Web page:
The license also requires anyone distributing GPL software, in an executable form that a computer can run, to make the complete source code available. One example: Cisco Systems subsidiary Linksys, which shares the GPL software used in its wireless networking equipment.

"If you start getting a reputation for being a pansy, then people are going to conclude they don't have to do anything."
--Dan Ravicher, attorney, SFLC

Monsoon's Hava product line lets customers record video and watch it on multiple PCs or over the Internet. In August, a Hava Forum discussion began on whether the systems used Linux, which like BusyBox is governed by the GPL. A Hava support representative whose screen name is Gary-MM said in the discussion: "I have a little secret to let you in on--Hava runs Linux! Yes, much of the source is GPL."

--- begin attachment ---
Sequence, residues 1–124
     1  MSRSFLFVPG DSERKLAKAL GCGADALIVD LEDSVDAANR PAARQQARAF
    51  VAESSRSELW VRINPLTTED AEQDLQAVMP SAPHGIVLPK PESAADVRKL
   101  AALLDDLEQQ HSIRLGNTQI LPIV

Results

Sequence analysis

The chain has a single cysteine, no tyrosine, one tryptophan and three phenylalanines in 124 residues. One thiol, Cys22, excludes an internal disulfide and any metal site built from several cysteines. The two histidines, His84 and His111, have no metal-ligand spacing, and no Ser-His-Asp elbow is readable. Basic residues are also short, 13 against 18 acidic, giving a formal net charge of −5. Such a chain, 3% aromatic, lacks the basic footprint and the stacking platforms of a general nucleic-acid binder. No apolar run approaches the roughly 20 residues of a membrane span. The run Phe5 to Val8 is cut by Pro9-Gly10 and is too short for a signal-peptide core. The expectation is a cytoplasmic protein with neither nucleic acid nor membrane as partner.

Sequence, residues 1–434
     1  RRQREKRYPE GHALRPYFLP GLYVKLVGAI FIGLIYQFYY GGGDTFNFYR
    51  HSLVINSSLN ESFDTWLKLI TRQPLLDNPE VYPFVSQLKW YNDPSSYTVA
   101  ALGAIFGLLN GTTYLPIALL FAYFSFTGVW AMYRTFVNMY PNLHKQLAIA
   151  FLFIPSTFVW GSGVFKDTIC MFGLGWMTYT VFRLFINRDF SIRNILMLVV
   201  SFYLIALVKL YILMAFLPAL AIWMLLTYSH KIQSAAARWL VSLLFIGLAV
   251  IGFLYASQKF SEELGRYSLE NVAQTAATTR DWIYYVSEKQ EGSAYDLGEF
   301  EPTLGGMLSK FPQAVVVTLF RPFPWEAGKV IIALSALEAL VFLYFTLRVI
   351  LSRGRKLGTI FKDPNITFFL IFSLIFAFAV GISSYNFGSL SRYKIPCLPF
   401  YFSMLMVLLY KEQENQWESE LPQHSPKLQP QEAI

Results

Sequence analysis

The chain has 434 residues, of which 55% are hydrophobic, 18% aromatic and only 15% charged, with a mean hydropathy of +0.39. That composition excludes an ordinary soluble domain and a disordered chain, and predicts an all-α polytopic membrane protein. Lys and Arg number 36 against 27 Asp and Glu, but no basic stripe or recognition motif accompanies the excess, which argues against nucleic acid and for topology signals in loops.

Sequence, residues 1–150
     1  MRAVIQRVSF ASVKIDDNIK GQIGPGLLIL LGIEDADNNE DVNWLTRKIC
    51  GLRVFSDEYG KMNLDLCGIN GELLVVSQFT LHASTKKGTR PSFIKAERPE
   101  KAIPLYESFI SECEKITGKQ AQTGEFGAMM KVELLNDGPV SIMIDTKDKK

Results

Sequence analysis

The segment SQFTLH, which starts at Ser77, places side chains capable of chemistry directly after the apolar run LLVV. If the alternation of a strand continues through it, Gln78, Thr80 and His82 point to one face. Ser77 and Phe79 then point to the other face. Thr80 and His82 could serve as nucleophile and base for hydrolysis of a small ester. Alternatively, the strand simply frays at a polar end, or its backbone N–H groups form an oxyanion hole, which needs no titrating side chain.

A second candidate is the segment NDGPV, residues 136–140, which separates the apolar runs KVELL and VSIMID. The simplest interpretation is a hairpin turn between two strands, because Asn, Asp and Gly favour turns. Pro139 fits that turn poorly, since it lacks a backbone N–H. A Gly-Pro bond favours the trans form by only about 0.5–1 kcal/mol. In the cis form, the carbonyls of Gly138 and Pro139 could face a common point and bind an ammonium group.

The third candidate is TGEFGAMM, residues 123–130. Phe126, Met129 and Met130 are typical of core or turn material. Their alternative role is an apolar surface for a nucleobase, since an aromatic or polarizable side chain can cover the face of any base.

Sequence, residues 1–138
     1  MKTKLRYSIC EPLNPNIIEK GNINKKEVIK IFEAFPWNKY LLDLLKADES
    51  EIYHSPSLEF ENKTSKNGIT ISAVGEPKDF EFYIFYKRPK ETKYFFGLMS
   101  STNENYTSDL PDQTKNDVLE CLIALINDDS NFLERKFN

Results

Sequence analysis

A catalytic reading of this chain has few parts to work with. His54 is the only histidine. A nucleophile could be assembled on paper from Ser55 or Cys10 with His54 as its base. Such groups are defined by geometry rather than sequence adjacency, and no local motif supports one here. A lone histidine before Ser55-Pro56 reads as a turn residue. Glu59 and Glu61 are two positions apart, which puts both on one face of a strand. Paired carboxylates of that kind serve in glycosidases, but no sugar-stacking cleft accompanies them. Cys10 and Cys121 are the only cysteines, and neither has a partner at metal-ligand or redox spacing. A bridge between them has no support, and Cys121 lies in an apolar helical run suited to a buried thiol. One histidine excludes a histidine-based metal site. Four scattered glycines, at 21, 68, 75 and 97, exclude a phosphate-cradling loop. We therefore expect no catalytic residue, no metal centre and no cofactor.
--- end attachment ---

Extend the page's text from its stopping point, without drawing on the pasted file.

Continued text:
But the interaction turned frosty. "Some of you appear to be violating the terms of the End User License Agreement," Gary-MM said of efforts to deduce whether GPL software was used in Hava. (Those efforts included finding the text "BusyBox" in the Hava software.) "Seems to me that some of you have just come out blatantly admitting you are reverse-engineering the firmware--or trying to."

Although Gary-MM later said he was just "pokin' a bit of fun at you" without intending any threat, "adversarial" forum postings and the company's lack of response to a September 11 letter from SFLC led to the suit.

CONTINUED: Broader repercussions…
Page 1 | 2

See more CNET content tagged: